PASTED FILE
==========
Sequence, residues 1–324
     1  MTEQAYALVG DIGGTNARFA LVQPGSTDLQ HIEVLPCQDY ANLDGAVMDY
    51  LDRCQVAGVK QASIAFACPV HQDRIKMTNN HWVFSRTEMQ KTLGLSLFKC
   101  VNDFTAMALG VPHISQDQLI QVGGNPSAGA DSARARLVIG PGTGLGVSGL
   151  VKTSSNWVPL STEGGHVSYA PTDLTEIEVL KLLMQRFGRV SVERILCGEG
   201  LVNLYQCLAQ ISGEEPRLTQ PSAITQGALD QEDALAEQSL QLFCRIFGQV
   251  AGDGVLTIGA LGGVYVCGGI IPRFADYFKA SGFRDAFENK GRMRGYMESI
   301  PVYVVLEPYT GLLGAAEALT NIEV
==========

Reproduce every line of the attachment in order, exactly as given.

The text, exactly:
Sequence, residues 1–324
     1  MTEQAYALVG DIGGTNARFA LVQPGSTDLQ HIEVLPCQDY ANLDGAVMDY
    51  LDRCQVAGVK QASIAFACPV HQDRIKMTNN HWVFSRTEMQ KTLGLSLFKC
   101  VNDFTAMALG VPHISQDQLI QVGGNPSAGA DSARARLVIG PGTGLGVSGL
   151  VKTSSNWVPL STEGGHVSYA PTDLTEIEVL KLLMQRFGRV SVERILCGEG
   201  LVNLYQCLAQ ISGEEPRLTQ PSAITQGALD QEDALAEQSL QLFCRIFGQV
   251  AGDGVLTIGA LGGVYVCGGI IPRFADYFKA SGFRDAFENK GRMRGYMESI
   301  PVYVVLEPYT GLLGAAEALT NIEV